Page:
If it looks like a van, it goes like a van and its doors slide like a van, it must drive like… actually, it drives surprisingly well. Since Ford’s dynamic reinvention during the mid-1990s, we’ve become accustomed to its cars steering, riding and handling a certain way. A pleasing way.
And what’s particularly gratifying about getting into a Grand Tourneo Connect is that, within the first 50 yards, you can tell that it has been developed with the same ethos in mind.
It steers nearly as well as a Fiesta or a Focus, with linearity, accuracy and just the kind of torque build-up off of straight-ahead – the steering’s weight change, to you and me – that makes it seem like you can actually feel the turning forces building up in the front wheels.
This is the kind of tuning that is key to making a Ford feel the way that it does, and despite a roof that sits 1852mm from the ground, the Grand Tourneo Connect has been granted the same kind of attention. So it rides rather like a Ford, allowing control of its body movements to take some priority over the low-speed ride – although this is largely fine, too, because it’s on 55-profile tyres.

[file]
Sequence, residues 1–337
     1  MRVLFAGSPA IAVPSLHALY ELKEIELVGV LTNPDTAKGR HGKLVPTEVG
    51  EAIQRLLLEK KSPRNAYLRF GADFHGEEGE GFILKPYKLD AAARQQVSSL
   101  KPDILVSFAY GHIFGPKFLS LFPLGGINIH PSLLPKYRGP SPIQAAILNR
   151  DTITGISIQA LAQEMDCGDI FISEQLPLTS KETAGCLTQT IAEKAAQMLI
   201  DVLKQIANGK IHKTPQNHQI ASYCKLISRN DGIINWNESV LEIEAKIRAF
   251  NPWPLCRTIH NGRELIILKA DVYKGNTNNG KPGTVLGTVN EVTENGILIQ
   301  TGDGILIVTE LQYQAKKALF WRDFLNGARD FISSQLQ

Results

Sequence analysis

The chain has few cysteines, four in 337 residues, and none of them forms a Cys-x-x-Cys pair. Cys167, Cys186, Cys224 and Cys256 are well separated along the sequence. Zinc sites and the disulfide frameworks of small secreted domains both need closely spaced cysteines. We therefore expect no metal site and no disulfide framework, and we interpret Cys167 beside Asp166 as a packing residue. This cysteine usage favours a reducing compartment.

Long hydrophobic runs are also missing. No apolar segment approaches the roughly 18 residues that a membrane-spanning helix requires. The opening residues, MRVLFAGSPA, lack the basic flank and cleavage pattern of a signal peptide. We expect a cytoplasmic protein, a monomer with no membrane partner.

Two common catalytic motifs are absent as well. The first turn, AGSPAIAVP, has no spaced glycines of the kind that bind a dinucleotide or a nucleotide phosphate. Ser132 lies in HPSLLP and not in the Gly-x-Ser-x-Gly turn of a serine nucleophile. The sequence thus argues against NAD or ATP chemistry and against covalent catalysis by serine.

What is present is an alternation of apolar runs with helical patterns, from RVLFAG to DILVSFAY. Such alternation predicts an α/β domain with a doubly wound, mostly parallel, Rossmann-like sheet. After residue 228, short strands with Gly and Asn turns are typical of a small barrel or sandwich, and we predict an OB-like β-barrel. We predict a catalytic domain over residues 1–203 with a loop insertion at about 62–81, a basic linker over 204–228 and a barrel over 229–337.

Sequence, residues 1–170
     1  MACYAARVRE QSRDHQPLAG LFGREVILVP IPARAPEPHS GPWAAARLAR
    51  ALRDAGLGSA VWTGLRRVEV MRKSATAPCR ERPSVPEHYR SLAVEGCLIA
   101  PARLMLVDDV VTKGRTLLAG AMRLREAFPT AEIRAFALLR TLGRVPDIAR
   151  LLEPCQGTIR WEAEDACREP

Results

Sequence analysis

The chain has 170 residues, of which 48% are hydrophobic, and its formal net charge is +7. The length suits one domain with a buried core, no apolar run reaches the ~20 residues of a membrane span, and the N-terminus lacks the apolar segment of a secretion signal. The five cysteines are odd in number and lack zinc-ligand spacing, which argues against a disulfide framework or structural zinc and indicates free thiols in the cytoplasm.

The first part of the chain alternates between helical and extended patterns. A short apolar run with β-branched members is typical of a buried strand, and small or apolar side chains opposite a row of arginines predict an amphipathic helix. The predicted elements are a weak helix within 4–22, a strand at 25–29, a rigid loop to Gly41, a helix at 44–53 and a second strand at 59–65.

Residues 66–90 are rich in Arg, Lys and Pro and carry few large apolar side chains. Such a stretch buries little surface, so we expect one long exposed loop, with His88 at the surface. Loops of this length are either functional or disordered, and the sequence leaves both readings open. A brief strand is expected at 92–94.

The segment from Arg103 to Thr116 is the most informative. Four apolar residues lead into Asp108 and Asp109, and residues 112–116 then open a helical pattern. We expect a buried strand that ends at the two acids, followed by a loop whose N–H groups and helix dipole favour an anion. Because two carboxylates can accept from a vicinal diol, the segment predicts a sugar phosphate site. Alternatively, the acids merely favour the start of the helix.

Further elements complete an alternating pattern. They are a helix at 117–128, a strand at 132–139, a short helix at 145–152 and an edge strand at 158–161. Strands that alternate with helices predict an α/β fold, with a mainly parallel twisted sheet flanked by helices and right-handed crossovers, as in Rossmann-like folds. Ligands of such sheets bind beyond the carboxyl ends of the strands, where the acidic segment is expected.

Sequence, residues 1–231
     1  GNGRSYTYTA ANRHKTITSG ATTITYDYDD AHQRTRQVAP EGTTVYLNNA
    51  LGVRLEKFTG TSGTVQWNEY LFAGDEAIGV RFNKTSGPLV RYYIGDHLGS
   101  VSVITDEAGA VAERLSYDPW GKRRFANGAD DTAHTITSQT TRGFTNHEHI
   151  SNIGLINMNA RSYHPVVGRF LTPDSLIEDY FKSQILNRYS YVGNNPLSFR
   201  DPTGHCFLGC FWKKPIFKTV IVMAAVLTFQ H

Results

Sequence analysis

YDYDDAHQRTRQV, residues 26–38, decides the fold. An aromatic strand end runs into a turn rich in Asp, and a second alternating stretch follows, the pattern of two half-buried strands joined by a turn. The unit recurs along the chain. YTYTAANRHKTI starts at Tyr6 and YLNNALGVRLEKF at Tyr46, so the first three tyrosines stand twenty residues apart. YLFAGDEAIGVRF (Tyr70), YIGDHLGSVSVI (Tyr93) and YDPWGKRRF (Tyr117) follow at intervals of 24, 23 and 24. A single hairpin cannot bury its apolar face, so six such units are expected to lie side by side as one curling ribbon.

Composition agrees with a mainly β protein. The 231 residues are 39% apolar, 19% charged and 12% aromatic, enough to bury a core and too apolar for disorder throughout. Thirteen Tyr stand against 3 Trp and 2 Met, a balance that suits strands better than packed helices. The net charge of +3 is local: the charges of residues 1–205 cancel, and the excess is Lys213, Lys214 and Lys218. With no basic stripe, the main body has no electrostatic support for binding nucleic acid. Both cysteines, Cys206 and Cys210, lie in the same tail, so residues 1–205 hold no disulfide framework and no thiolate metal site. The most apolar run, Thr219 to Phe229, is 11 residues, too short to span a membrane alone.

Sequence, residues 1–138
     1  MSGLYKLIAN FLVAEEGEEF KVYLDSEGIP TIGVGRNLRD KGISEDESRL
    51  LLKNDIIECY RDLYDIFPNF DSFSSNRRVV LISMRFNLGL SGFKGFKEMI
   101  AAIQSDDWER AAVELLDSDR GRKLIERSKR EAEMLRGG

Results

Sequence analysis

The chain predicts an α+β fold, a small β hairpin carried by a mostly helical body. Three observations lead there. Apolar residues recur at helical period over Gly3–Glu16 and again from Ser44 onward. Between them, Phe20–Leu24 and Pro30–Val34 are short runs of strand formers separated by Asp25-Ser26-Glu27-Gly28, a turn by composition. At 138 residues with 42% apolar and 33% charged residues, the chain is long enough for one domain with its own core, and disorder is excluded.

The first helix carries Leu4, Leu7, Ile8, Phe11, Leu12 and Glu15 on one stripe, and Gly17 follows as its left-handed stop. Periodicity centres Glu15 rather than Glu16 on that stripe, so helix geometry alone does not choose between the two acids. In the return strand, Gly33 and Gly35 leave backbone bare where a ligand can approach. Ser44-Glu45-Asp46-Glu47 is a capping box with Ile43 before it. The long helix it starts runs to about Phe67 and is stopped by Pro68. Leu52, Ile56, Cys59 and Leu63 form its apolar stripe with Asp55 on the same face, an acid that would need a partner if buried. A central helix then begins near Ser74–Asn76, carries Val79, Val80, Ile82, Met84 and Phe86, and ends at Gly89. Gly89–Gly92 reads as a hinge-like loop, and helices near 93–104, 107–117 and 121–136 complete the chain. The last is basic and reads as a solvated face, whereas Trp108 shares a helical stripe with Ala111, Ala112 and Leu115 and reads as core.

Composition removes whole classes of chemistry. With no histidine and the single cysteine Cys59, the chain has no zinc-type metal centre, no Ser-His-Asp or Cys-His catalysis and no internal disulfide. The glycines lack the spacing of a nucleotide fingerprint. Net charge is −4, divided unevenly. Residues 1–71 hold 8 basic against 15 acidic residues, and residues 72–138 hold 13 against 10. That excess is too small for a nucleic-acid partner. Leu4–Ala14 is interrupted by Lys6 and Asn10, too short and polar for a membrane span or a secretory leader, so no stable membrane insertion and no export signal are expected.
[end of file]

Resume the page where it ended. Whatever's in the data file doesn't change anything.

All of which is a pleasant surprise for what is a van at heart. Obviously, you can’t have everything. There is a 1785kg kerb weight and that high centre of gravity to contend with and, as plenty of Scottish engineers over the years have told us, there is no quibbling with the laws of physics. But Ford has done a better job here than, we suspect, most manufacturers would bother attempting.
Its braking distances are sound, although there’s considerable dive when you slam on the anchors. It’ll haul itself to rest in 49.6 metres from 70mph and in 2.9sec from 60mph in the dry, where 50 metres and 3.0sec are the yardsticks at which things start to bother us.
Likewise, it’s okay in the wet: a 3.2sec stopping time from 60mph and a distance of 55.1 metres. Handling is predictable. Stability control is standard and the traction control can be disabled while leaving the rest of the stability control in place.
That’s as it ought to be, allowing the car enough slip to extricate itself on low-friction surfaces but keeping the safety net intact elsewhere. In a high-speed emergency lane change, it feels like there’s no risk of a topple – and the stability control works deftly.